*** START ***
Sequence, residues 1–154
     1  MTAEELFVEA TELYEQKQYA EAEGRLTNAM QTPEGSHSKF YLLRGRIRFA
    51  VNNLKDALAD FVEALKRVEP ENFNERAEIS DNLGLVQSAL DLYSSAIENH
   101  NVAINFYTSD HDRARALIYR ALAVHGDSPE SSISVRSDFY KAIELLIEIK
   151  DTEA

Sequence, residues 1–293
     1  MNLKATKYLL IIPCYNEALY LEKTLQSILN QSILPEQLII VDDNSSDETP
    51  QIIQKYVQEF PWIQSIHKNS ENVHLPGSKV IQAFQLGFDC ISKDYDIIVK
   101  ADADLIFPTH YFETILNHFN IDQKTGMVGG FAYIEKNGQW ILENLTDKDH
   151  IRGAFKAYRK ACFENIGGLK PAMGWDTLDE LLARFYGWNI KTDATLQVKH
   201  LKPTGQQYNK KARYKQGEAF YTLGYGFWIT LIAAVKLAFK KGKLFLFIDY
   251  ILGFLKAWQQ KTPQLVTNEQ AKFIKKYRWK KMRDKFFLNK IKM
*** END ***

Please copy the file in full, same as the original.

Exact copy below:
Sequence, residues 1–154
     1  MTAEELFVEA TELYEQKQYA EAEGRLTNAM QTPEGSHSKF YLLRGRIRFA
    51  VNNLKDALAD FVEALKRVEP ENFNERAEIS DNLGLVQSAL DLYSSAIENH
   101  NVAINFYTSD HDRARALIYR ALAVHGDSPE SSISVRSDFY KAIELLIEIK
   151  DTEA

Sequence, residues 1–293
     1  MNLKATKYLL IIPCYNEALY LEKTLQSILN QSILPEQLII VDDNSSDETP
    51  QIIQKYVQEF PWIQSIHKNS ENVHLPGSKV IQAFQLGFDC ISKDYDIIVK
   101  ADADLIFPTH YFETILNHFN IDQKTGMVGG FAYIEKNGQW ILENLTDKDH
   151  IRGAFKAYRK ACFENIGGLK PAMGWDTLDE LLARFYGWNI KTDATLQVKH
   201  LKPTGQQYNK KARYKQGEAF YTLGYGFWIT LIAAVKLAFK KGKLFLFIDY
   251  ILGFLKAWQQ KTPQLVTNEQ AKFIKKYRWK KMRDKFFLNK IKM